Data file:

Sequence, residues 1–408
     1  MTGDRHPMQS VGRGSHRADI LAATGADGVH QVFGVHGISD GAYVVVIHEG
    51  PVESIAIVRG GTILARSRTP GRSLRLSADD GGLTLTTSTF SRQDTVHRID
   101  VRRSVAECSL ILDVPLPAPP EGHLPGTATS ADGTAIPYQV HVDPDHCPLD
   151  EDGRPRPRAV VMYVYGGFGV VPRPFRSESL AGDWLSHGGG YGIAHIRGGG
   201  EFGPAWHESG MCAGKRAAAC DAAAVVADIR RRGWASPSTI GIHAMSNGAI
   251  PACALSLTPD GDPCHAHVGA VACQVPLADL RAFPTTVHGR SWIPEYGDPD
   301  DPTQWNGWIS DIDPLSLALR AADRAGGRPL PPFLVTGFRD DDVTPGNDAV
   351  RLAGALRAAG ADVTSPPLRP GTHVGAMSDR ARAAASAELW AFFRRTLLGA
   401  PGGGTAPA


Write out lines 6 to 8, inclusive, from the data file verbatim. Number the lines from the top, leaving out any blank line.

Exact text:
   201  EFGPAWHESG MCAGKRAAAC DAAAVVADIR RRGWASPSTI GIHAMSNGAI
   251  PACALSLTPD GDPCHAHVGA VACQVPLADL RAFPTTVHGR SWIPEYGDPD
   301  DPTQWNGWIS DIDPLSLALR AADRAGGRPL PPFLVTGFRD DDVTPGNDAV